bicycle engineering design / my research / news / parametric analysis & modeling in CAD/FEA / sports engineering design

Parametric finite element analysis of bicycle frame stiffness

Performing Finite Element Analysis (FEA) on bicycle frames has become a common activity for bicycle designers and engineers in the hope of improving the performance of frames. This is typically achieved by balancing priorities for key requirements, including minimising the mass of the frame (possibly using competition rules to constrain this), maximising lateral stiffness in the load transfer from the hands and feet to the drive, maximising the strength capabilities of the frame to allow for a higher load capacity or better load distribution, and adjusting the vertical compliance of the frame to tune the softness of the ride. FEA has been used to analyse composite, aluminium and steel bicycle frames with the aim of understanding physical behaviour and improving performance relating, however a comprehensive study on the influence of key geometric parameters on the stiffness of frames has not been conducted.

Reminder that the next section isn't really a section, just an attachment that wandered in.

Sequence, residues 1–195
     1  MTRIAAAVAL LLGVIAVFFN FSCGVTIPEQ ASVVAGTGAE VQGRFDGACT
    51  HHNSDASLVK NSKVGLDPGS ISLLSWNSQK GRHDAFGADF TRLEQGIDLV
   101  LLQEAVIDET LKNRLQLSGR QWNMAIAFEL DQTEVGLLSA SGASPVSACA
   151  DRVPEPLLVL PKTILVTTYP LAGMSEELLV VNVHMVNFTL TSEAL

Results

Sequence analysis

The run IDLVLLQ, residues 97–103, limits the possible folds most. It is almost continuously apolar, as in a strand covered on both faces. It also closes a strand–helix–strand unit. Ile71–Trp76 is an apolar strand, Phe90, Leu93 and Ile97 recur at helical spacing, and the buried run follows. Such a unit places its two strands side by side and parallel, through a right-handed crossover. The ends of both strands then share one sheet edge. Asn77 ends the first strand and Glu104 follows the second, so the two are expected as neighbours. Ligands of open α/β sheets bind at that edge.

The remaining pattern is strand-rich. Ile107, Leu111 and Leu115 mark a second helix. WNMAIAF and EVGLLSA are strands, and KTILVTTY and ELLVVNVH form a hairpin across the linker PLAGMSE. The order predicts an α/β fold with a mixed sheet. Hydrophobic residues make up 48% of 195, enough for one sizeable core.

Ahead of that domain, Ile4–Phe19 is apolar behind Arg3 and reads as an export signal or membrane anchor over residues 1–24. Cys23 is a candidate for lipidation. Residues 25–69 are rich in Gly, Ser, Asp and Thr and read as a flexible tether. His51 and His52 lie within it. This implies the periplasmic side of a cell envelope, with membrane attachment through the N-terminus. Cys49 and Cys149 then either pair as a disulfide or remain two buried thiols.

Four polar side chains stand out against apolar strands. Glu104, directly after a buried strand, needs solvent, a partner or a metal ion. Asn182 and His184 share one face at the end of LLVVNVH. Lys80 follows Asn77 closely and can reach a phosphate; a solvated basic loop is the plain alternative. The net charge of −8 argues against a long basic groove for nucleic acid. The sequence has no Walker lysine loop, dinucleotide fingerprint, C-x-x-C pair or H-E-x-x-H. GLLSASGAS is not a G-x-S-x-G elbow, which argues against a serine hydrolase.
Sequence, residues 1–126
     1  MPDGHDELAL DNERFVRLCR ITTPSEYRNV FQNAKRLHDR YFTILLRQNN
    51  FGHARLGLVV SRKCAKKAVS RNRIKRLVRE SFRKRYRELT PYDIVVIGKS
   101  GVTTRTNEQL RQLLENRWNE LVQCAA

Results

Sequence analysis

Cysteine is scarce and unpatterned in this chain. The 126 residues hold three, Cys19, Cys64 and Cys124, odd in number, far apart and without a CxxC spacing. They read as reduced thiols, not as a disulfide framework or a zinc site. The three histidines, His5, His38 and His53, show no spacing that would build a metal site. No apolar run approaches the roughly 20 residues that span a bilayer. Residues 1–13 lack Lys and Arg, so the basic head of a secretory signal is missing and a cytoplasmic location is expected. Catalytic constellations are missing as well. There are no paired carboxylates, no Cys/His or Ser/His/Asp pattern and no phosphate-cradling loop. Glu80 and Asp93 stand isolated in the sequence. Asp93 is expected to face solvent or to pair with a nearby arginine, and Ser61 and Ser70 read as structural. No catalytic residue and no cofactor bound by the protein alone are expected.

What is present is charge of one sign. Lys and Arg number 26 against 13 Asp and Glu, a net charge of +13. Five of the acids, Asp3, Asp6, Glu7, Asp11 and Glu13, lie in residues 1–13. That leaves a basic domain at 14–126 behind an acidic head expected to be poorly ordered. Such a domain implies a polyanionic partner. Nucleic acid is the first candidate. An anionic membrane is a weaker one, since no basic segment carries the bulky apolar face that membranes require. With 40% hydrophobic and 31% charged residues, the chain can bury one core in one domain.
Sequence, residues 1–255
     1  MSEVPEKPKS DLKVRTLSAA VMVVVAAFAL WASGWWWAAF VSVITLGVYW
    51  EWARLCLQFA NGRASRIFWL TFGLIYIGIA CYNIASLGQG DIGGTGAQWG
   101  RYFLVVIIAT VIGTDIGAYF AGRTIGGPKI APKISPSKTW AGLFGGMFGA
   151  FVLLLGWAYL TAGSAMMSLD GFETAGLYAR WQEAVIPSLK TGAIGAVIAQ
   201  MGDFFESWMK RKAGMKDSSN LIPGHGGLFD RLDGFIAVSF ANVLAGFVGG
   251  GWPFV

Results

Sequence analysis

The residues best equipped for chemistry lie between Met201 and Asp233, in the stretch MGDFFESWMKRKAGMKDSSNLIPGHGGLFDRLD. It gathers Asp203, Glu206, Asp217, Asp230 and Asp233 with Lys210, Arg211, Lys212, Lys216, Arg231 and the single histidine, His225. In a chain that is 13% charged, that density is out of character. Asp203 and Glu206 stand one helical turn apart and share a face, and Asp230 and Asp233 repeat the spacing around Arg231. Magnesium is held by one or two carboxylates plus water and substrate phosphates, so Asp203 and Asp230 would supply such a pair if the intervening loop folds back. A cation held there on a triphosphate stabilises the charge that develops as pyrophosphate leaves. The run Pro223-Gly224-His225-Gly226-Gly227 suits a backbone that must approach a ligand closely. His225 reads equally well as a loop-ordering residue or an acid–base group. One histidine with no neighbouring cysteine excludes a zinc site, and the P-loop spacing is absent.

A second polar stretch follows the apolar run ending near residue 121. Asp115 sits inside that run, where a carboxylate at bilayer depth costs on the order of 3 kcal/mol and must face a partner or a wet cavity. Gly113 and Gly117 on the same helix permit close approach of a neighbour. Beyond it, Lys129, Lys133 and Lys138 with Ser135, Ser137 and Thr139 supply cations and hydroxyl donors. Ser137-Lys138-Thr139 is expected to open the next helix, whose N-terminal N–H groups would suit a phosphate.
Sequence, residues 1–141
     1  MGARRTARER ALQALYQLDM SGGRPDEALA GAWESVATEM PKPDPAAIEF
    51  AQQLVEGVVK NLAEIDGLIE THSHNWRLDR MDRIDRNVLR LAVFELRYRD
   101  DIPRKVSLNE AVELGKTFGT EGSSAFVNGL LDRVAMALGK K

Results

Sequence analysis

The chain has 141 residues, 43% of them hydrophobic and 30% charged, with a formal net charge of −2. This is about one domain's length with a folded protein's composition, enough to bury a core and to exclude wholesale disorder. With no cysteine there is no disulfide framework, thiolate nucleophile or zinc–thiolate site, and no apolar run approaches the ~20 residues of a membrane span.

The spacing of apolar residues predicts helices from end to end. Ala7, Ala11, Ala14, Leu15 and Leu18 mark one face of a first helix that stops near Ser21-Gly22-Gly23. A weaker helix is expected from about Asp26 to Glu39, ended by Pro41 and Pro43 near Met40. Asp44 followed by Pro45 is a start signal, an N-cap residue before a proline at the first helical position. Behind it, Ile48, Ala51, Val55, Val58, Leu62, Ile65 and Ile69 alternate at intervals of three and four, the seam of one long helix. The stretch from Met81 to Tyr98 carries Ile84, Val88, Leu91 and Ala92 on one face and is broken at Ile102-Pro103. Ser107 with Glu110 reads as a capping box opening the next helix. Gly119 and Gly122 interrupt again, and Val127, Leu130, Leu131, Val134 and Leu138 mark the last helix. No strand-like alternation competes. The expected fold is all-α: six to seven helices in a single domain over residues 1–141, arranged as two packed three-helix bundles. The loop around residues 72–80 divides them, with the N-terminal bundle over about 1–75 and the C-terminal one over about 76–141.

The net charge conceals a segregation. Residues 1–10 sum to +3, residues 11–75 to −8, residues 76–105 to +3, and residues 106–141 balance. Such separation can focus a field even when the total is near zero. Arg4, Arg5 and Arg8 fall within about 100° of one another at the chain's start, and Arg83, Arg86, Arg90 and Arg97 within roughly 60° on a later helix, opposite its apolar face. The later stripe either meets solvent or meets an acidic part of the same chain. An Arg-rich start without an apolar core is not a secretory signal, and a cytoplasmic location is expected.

vertical-compliance-bicycleI’ve recently undertaken a project to evaluate the influence of key geometric parameters on frame stiffness using a wide range of bicycle frame designs from historical data and to compare these to an optimised solution. I’ve created a model that simulates two standard loading conditions to quantify the vertical compliance  (a sample displacement plot shown here) and lateral stiffness characteristics of 82 existing bicycle frames from the bicycle geometry project and compares these characteristics to an optimised solution in these conditions. Perhaps unsurprisingly smaller frames (490mm seat tube) behave the most favourably in terms of both vertical compliance and lateral stiffness, while the shorter top tube length (525mm) and larger head tube angle (74.5°) results in a laterally stiffer frame which corresponds with findings from literature. The optimised values show a considerable improvement over the best of the existing frames, with a 13% increase in vertical displacement and 15% decrease in lateral displacement when compared to the best of the analysed frames. The model has been developed to allow for further develop to include more detailed tube geometry, further analysis of more frame geometries, alternative materials, and analysis of other structural characteristics. The full details of this work will be presented at the International Sports Engineering conference in Sheffield in July 2014. I’ve also started working on the next phase of this, expanding the range of frames, and including more detailed tubing geometry…watch this space!


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